Although I wasn’t really conscious of it at the time,  I was also nil by mouth,  except for a few swabs of water on sponge sticks every so often.  I remember dying for more water each time I was given some.   The reason for being nil by mouth is that the bowel and gut take time to start working again after such a huge operation.  The doctors need to monitor you closely to see when it’s safe to begin eating again.

Much of my time up there was on my own and spent sleeping,  but I also had joyful times with my sister and her husband and with some of my good friends.  On the 7th day I was well enough to be transferred to Ellis ward where I would stay for the rest of my time in hospital.   Although there would be some very tough times on this ward,  it’s a place that will be close to my heart forever.

I think much of the reason that this ward is so close to patients and nurses hearts is the whole environment of the place.  It was shut down and given a proper makeover a few years ago.  This was paid for by the family of a former patient who sadly passed away,  but who had spent much time there,  and who wanted to give something back.  It feels warm and safe as a result.   However for me it was also the kindness, love, respect and care I received from all the staff there.  They see you at your weakest,  but are always there to help pick up the pieces,  to make you smile and give you a shoulder to cry on.   I also made countless new friends.  There is something about being on a ward with patients who have a diagnosis of cancer.  You all have your own stories but you find strength, love, laughter and friendship even in the darkest of times.

When I reflect back on my first couple of days on the ward I realise they too are quite vague.  I gradually began to become aware of my two new stomas.  I also had various tubes and drains coming out of me.  One of them was what is called a nasogastric tube, otherwise known as an NG tube, sitting in my nose.   Although it sits in the nose,  it goes down through the throat to sit in the stomach draining excess fluid.  It sits there for as long as the doctors feel is necessary.  In my case it sat there for just over two weeks as my gut and bowel took quite a while to wake up,  which in retrospect isn’t a surprise seeing as I had, had so much taken away.   To begin with,  I had no idea what the tube was.  Indeed,  such was my confusion that I even tried to pull it off one night before my nurse explained what it was.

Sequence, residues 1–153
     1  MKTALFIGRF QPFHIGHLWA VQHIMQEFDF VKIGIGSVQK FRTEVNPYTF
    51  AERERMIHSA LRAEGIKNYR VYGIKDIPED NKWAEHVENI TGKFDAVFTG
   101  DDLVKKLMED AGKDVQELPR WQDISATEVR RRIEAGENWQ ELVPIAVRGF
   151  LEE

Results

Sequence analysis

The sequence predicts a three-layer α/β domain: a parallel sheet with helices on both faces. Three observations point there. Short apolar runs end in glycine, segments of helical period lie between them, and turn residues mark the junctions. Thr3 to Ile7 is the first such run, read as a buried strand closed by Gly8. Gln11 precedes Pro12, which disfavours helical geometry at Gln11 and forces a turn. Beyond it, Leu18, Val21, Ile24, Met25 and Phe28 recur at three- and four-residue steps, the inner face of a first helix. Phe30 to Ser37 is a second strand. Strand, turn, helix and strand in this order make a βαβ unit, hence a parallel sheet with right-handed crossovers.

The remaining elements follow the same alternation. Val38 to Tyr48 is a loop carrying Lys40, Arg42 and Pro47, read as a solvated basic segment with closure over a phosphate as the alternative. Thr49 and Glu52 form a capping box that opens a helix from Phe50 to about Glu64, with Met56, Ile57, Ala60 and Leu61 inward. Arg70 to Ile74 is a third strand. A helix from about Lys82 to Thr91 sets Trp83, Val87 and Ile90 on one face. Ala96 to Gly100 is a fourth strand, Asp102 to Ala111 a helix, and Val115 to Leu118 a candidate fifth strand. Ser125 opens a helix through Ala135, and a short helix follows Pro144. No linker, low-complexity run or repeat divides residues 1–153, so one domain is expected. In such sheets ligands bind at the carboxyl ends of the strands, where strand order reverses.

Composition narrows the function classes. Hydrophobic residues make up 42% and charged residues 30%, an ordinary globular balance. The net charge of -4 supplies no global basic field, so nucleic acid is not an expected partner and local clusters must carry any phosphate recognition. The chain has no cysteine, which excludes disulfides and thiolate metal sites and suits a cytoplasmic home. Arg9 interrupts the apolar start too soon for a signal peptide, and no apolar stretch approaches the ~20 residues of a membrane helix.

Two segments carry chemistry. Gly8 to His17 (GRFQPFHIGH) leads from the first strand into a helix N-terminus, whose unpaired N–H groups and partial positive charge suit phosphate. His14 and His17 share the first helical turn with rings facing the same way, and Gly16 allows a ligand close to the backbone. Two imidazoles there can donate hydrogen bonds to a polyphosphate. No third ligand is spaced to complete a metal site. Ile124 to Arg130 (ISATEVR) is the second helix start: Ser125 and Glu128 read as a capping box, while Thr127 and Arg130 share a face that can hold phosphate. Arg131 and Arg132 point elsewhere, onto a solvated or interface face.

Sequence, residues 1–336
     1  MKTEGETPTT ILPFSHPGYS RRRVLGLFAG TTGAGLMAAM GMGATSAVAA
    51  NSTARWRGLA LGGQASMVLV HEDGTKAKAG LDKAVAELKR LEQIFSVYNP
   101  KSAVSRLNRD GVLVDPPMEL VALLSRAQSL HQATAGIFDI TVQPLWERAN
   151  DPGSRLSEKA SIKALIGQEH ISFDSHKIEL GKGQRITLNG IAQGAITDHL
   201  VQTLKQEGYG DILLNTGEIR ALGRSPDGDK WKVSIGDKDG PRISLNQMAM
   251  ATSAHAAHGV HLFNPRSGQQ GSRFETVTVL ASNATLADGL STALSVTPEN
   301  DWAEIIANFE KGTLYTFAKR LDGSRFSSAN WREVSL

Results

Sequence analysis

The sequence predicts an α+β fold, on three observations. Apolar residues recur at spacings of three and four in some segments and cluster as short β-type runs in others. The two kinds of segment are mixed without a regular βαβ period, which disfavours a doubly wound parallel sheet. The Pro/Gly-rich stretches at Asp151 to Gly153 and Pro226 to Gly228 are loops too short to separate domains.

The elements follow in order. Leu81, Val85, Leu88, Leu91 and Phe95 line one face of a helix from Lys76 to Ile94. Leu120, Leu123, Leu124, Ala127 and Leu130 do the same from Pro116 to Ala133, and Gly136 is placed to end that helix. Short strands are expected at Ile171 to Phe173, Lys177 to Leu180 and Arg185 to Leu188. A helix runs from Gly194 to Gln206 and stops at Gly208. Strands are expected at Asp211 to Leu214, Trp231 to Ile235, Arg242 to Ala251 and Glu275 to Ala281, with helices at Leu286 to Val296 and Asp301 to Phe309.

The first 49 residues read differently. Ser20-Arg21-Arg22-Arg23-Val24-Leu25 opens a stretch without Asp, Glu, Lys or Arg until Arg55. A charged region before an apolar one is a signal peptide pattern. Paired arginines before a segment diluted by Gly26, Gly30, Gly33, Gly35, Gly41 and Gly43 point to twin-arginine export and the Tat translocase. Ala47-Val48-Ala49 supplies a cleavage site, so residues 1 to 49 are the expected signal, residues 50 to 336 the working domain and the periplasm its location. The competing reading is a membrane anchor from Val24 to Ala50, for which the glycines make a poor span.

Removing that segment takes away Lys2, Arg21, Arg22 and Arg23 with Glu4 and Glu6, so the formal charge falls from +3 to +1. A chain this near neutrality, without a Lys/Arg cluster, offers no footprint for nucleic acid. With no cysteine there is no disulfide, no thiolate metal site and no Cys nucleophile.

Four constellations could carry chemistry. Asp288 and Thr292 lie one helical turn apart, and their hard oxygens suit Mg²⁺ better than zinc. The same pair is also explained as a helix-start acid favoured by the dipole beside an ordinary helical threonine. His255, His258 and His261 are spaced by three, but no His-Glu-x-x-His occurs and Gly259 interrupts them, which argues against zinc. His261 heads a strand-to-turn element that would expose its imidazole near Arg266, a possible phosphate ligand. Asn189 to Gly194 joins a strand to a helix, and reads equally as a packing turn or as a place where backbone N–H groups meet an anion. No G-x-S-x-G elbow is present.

I could not lie on my back for the whole of my time in hospital,  this was because they had carried out a myocutaneous flap reconstruction in the operation.  Essentially this means they created a new pelvic floor for me, with the aid of muscle and skin from my buttocks.  Post surgery it would be about 10 weeks until I could lie on my back again.  The nurses would change me from side to side at regular intervals during my time in hospital.

A big physical challenge whilst on the ward was my first shower.  I found it exhausting,  but my nurse was amazing and she also changed my stoma bags with me for the first time.  So, in this way,  I was gently put on the path to recovery.   As time went on the nurses subtly gave me more autonomy.   Together with help from them and my stoma nurses I learnt to empty and change my bags myself,  and I began to be able to shower on my own.  I continued my work with the physiotherapists and spoke to different teams about any issues that came up.  My team continued to monitor me and on the Wednesday before Easter I was finally allowed to try to start taking on clear fluids.

Although I had not physically eaten for nearly two weeks,  I was being fed intravenously by a method called TPN.  However the thought of proper food was exciting.   The NG tube came out and I was able to consume clear soups, jelly and ice creams before being moved onwards to soups such as tomato soup and tea with milk.   Anyone who knows me well will realise how excited I was by the tea!   On Good Friday the doctor on shift decided I could move onto more substantial foods.  I thought this was great news.  I managed a bite of some chicken, a little mashed potato and some ice cream for dinner.   I felt a little full after eating but generally felt fine.

However late that night my stomach decided it wasn’t quite ready for me to eat properly just yet.   At regular intervals and well into late morning on Saturday,  I continued to be sick.   And when I say that,  I mean I threw up a lot.  As another patient put it,  who else outside the medical world knew that you can throw up bile for days without eating?  I was learning the lesson the hard way.  This of course had to be dealt with swiftly.  The nurses waited it out for as long as possible,  instructing me to only take sips of water every so often whilst we went back to square one again.   Unfortunately,  ultimately this also meant the NG tube had to be put back in,  but this time whilst I was conscious.  All I can say is that sounds came out of my body that I didn’t know existed!!   It was not a fun time,  and physically and mentally I was at a very low ebb.